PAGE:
Cultural Heritage Commission Chair Craig Corman also addressed the Council, stressing that staff’s finding of ineligibility hinged on the lack of publications. “That was the sole basis on which staff issued a Certificate of Ineligibility and we now understand, having done some additional research over the last 48 hours, that was incorrect,” he said.
But Gohlich explained that the municipal code specifies publications “by people who have expertise in the field of architecture” and defended his determination, saying that the publications found by Collins were “somewhat obscure” upon first glance.
He went on to acknowledge that he did not have the publications brought by Collins at the time of his review. If he had determined that they fit the qualifications of the city code, “I would have referred it to the Cultural Heritage Commission for review,” he said.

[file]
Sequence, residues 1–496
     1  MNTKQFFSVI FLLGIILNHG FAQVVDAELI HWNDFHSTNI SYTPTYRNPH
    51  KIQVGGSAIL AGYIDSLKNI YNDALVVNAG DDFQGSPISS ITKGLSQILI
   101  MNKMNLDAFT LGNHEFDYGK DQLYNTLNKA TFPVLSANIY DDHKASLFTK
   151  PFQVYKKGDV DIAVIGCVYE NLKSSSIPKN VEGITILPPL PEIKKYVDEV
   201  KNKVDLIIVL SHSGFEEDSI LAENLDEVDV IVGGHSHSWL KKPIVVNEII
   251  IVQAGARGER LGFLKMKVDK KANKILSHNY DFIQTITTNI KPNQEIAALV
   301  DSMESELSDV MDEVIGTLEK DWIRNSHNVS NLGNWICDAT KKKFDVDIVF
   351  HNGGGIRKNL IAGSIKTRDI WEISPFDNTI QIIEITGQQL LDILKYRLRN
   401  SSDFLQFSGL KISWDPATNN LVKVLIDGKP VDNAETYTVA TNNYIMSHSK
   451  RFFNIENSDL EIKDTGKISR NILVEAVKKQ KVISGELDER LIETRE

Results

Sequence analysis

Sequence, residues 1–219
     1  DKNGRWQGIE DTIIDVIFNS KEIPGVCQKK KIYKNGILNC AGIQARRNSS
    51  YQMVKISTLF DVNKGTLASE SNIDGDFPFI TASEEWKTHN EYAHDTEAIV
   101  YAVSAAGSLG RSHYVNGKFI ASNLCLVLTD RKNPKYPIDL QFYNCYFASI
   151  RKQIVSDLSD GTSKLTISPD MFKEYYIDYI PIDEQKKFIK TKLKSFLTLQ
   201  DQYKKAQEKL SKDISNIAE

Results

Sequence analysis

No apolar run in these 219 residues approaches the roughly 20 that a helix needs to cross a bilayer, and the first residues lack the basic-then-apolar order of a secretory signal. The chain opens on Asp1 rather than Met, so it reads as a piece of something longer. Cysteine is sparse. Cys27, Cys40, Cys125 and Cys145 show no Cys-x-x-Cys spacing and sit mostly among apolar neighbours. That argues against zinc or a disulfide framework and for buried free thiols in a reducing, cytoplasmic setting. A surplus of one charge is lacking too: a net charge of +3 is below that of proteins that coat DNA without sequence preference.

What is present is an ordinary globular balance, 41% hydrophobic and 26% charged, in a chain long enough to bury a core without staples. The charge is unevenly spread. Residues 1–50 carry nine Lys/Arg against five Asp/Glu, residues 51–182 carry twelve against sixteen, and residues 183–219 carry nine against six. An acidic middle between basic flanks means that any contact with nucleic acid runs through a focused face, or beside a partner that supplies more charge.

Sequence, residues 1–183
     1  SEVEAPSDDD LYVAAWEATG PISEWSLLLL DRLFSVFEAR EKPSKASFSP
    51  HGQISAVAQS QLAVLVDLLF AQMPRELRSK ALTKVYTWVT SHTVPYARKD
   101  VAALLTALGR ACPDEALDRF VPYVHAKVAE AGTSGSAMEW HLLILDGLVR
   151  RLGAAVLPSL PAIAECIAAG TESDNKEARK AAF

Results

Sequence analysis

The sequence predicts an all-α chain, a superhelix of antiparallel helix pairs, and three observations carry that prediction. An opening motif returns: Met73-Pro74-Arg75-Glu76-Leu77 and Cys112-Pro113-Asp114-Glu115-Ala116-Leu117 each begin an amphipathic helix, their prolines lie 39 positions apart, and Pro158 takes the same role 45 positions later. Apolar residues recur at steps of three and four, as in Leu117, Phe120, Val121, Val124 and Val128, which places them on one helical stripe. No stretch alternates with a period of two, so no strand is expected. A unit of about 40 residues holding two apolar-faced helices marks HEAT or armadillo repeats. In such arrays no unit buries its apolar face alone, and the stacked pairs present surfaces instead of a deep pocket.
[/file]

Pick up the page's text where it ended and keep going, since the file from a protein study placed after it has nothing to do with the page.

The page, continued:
Representatives of the applicant urged the Council not to review the determination.
“Everybody arrived at the same conclusion: this is not a historic asset,” said George Mihlsten, a representative of the applicant. “We respectfully ask that you not take this matter up.”
While the applicant’s team had not reviewed the articles at the time of the hearing, project consultant Harvey Englander argued to the Courier that at least one of the articles does not satisfy the city’s standards.
“There’s one article in Luxe Magazine, which is a very slick design magazine that solicits stories about projects. The author of the story is unknown, so there’s no way to determine if it is someone who knows anything about architecture,” Englander said. “The story itself isn’t about the architecture or the architect, it is about the interior design.”
The other article, according to Collins, appears in a foreign language edition of Architectural Digest.
While some council members expressed skepticism at whether the articles would sway the final determination, they felt their existence alone should prompt renewed scrutiny. The Council voted unanimously to call up the matter at the April 12 meeting.